1991 is a difficult year to anthologise. None of the main compilations fully nailed it at the time and Now That’s What I Call Music 1991 just falls slightly short. CD1 begins sluggishly despite the big ticket items and veers off the path erratically with Amy Grant and Julian Lennon. Ideal replacements could have come from (i) Terminator 2: Guns ‘N Roses with You Could Me Mine and (ii) the rugby World Cup: Kiri Te Kanewa’s peace together anthem The World In Union. The second disc is much more consistent but would have benefited from including early ’91 classics such as Banderas’ one-off This Is Your Life and Massive Attack’s marvellous Unfinished Sympathy. I’d also make a case for Essex boys The Prodigy and their PIF ode Charly.

Exactly half of the 40 tracks were compiled on 1991’s Nows: six from Now 19 and 14 from Now 20 while Bohemian Rhapsody ended up on Now That’s What I Call Music 21. And five more were originally included on Now Dance ’91 with the sole Hits album of the year represented by four songs. Other contributors were Smash Hits 1991 [Baby Baby, Insanity and Move Any Mountain – none truncated here] and The Greatest Hits Of ’91 [The Whole Of The Moon, Things That Make You Go Hmmm]. So there are five strays – all on the first disc: Love Rears Its Ugly Head, Word Of Mouth, Size Of A Cow, It Ain’t Over Till It’s Over, Senza Una Donna (Without A Woman).

17 tracks held the #1 position in 1991 with just six included here although Don’t Let The Sun Go Down On Me did end up on the 1992 edition. Bryan Adams stayed on top for a staggering 16 weeks from 13 July until U2’s The Fly knocked him off on 2 November. Both are absent although (Everything I Do) I Do It For You being on A&M was always going to cause a problem. Meanwhile Achtung Baby was one of the most important LPs of the decade with five superb 45s taken from it. Failure to include any of these on the 10th Anniversary series of 1991 or 1992 is disappointing. Elsewhere I’d have substituted Innuendo or These Are The Days Of Our Lives for Bohemian Rhapsody while at least one of April and May’s #1s, The One And Only and The Shoop Shoop Song should be on this. It was also the Dangerous era. Black Or White was a crucial cut but an impossible dream.

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5 Responses to Now That’s What I Call Music 1991 (EMI / Virgin / Polygram, 1993)

  1. cosmo says:

    “Life’s a piece of spit/When you look at it”…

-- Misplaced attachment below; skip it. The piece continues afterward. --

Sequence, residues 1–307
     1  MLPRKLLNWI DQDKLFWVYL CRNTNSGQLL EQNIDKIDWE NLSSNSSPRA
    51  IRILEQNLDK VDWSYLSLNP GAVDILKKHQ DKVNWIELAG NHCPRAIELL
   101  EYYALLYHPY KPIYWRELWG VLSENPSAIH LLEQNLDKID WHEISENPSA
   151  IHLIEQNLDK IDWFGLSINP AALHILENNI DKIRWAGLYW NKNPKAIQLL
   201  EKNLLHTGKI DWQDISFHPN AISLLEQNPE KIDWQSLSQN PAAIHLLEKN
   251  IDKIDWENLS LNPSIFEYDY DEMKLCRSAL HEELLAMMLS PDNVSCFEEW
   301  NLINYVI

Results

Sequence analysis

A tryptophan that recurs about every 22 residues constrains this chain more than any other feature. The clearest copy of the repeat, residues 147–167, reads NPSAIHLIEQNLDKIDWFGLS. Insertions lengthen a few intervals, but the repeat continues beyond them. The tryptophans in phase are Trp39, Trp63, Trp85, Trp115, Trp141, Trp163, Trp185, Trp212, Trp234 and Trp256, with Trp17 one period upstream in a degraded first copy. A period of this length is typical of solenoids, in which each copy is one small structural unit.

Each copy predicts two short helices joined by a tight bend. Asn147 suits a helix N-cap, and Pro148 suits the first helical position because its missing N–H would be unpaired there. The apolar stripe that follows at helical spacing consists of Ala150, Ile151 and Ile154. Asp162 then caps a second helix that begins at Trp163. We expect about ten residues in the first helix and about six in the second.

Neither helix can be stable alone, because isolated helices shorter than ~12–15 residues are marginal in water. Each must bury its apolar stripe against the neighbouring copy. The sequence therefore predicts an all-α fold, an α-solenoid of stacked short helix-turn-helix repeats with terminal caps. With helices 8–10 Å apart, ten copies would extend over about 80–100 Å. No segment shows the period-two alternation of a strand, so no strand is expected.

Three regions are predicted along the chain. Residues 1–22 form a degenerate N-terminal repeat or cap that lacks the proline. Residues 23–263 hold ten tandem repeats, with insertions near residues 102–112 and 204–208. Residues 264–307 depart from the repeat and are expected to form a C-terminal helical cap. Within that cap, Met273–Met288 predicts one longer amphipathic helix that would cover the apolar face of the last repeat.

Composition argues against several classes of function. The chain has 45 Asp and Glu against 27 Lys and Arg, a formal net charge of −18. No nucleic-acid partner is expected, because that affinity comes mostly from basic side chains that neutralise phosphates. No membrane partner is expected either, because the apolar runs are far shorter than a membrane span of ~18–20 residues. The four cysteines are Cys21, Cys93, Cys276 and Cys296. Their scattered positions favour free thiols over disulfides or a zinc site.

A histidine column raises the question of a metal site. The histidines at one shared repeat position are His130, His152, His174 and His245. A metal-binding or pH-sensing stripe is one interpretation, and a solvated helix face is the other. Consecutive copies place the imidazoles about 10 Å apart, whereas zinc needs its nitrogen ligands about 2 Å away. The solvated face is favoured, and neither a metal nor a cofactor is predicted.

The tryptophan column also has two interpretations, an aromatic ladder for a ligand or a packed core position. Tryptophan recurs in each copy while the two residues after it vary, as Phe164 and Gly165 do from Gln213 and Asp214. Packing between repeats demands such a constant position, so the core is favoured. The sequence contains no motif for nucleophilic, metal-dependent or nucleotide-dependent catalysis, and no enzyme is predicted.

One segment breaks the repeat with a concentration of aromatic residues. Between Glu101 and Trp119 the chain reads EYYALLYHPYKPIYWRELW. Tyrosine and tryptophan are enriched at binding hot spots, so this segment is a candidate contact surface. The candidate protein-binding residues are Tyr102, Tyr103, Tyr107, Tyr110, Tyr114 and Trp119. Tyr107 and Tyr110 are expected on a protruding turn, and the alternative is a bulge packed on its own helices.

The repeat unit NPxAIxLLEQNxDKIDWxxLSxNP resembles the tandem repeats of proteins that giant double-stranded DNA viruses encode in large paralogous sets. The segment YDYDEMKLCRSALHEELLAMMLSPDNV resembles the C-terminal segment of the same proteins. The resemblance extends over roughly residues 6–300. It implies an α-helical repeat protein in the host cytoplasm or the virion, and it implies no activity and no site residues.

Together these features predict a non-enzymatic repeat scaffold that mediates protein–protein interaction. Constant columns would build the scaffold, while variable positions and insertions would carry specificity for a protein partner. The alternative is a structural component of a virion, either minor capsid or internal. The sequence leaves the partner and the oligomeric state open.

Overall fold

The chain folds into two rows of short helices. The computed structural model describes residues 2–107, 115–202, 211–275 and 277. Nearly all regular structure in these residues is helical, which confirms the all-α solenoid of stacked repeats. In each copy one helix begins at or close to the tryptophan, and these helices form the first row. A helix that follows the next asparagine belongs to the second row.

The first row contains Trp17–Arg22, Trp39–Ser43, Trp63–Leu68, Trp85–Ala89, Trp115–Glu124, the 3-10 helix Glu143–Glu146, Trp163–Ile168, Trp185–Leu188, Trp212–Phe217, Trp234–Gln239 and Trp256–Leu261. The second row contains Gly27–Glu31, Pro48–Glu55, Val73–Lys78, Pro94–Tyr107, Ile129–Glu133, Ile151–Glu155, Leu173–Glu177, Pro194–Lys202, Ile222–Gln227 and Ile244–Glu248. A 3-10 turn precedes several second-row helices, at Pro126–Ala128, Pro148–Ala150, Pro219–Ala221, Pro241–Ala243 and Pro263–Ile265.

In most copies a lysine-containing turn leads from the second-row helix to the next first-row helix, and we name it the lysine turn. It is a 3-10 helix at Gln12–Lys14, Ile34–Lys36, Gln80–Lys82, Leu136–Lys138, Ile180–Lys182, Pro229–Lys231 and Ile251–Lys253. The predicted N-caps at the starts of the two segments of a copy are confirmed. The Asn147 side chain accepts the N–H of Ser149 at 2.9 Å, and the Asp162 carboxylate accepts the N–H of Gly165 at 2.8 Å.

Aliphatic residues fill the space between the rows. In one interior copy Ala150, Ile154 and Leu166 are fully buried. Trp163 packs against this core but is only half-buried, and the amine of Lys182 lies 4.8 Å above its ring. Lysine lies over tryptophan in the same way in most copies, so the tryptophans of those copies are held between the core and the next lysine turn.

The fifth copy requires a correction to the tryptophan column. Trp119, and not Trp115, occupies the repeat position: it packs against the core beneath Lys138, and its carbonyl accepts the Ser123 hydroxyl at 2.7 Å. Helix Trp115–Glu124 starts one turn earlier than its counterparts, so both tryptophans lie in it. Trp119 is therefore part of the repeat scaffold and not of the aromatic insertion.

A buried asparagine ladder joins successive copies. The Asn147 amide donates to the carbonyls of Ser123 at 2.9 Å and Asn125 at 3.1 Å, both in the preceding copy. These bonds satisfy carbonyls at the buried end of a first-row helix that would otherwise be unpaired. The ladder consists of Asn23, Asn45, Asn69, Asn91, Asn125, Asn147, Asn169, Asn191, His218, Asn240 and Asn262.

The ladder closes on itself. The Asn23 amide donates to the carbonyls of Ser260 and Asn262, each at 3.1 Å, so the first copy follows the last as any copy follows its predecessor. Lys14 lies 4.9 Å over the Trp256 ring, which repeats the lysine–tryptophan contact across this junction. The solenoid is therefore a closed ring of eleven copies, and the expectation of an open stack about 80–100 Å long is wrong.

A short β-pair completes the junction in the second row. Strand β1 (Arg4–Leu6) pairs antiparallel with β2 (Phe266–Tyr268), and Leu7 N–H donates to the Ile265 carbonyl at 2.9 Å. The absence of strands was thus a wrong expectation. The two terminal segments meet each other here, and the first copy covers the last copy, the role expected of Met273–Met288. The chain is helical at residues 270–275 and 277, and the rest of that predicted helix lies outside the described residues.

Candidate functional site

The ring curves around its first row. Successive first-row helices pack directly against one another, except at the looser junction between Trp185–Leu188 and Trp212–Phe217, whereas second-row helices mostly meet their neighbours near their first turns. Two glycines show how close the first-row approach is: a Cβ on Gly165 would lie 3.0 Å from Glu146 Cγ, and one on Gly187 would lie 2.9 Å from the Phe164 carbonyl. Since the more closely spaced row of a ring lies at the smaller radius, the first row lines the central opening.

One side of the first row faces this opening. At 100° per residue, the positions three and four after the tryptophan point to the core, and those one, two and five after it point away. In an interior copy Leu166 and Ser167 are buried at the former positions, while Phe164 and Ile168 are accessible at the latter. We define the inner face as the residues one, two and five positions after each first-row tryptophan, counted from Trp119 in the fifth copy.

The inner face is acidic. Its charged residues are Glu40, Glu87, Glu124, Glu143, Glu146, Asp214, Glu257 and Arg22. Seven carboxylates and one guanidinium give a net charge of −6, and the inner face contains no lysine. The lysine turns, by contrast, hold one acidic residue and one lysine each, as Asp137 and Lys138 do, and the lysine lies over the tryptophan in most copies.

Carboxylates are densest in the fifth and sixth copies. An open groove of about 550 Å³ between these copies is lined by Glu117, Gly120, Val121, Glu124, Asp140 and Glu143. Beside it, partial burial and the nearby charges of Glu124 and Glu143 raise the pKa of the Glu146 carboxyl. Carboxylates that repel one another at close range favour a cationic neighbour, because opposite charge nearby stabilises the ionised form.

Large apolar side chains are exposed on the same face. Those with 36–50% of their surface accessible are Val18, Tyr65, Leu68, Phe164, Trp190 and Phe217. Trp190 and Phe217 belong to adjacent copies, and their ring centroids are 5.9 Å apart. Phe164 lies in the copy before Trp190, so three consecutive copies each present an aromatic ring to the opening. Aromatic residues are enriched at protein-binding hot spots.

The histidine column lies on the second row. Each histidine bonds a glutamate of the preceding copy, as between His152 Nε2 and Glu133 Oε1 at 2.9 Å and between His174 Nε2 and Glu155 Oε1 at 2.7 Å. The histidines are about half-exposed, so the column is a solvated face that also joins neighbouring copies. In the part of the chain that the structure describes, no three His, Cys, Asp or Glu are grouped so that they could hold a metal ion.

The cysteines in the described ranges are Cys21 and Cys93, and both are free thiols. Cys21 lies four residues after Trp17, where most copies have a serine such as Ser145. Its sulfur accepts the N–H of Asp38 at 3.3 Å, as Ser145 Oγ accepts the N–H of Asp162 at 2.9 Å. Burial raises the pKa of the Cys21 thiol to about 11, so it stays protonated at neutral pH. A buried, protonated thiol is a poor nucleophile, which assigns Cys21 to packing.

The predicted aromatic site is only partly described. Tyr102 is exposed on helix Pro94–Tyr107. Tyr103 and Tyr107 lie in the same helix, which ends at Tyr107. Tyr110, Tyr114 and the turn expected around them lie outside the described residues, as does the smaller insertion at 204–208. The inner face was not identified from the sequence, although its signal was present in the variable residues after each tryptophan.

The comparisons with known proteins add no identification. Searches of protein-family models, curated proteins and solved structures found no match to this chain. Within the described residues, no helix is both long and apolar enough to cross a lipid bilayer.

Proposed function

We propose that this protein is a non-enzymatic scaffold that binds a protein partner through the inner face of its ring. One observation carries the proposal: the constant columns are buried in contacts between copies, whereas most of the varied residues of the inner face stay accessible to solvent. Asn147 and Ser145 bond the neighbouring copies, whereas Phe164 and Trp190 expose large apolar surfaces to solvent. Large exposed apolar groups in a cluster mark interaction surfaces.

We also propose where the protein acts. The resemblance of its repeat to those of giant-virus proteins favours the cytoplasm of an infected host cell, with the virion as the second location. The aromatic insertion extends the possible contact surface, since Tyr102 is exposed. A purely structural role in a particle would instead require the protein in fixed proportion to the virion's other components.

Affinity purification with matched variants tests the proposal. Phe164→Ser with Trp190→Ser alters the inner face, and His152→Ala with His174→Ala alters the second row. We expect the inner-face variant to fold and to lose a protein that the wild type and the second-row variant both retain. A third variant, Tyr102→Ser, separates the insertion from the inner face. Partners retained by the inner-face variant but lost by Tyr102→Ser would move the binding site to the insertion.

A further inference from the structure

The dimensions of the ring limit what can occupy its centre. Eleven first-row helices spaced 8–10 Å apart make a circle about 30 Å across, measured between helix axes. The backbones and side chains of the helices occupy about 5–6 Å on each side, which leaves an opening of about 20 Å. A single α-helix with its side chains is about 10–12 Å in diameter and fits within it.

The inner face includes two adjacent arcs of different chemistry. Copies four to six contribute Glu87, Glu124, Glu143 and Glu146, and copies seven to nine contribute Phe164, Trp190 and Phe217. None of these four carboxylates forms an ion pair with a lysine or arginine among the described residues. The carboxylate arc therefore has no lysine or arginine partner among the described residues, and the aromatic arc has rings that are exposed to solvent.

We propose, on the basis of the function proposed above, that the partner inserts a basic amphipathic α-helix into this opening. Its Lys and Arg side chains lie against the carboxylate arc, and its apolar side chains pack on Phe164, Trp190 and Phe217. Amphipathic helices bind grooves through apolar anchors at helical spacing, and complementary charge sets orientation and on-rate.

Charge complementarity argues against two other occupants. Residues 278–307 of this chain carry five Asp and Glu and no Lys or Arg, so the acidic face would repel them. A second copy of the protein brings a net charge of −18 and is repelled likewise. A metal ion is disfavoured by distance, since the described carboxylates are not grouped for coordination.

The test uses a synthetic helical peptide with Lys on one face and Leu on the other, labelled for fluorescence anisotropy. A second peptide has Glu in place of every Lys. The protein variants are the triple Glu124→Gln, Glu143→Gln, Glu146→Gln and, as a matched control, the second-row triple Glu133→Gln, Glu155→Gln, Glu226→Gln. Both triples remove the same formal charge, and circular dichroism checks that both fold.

1991 is, to me, one of the best, if not the best, years for music in the 90s. I think that that year, the UK charts were at their most effervescent, even more so than at the height of the Britpop era 3-4 years later. Mind you, the “rollercoaster” nature of the charts of that year might have had something to do with the recession…

    Among the must plays for me are the Waterboys (although their number has a 1985ness which I also love), Mike & The Mechanics, Simply Red, Crystal Waters, Lenny Kravitz, PM Dawn, Will Smith, Right Said Fred, OMD, Cathy Dennis, and one of my personal favourites of that year, Enigma (with Mike Cretu with his hand firmly in the till. Principles of Lust was even better. Pity it couldn’t get higher than #59). The Show Must Go On was, in retrospect, the perfect swansong for Freddie Mercury as Queen frontman, and would have been better than Bohemian Rhapsody (nothing against it, though, brilliant it is too); happily, it appeared on the Millennium version.

    All songs here again are great, although I agree with you on the omissions. I’d also add Always There by Incognito with Jocelyn Brown (again thankfully rectified by the Millennium version), Because I Love You (The Postman Song) by Stevie B, and Change by Lisa Stansfield. And, once again, the “wrong” Kylie song was the bigger hit – I think What Do I Have to Do? was the better one. Wasn’t this the last song of hers produced by SAW before Matt Aitken left?

    • nlgbbbblth says:

      Hi Cosmo. You’re right about The Show Must Go On – the Millennium editions certainly add a bit more in the early 1990s. Agreed on Kylie too, it’s a better track and I was surprised to see it left off as it appeared on Now 19 [whereas Shocked was on The Hits Album]. Not sure of the exact timeline of Aitken’s departure but it was around then alright.

  2. Pingback: Now That’s What I Call Music 1991: The Millennium Series (EMI / Virgin / Universal, 1999) | A Pop Fan's Dream

  3. Martin Davis says:

    I would have included the Kylie Minogue, Stevie B, Chris Rea, Belinda Carlisle and INXS tracks from Now 19 and the Cathy Dennis, Voice Of The Beehive and Slade tracks from Now 20.

    Shiny Happy People or Loosing My Religion from REM would have also been welcome additions.

    In all honesty am quite suprised Bohemian Rhapsody was included on this compilation. True it was xmas No1 but I’m under the impression its more commonly associated with compilations from 1992 (eg Now 21 and Greatest Hits of 1992).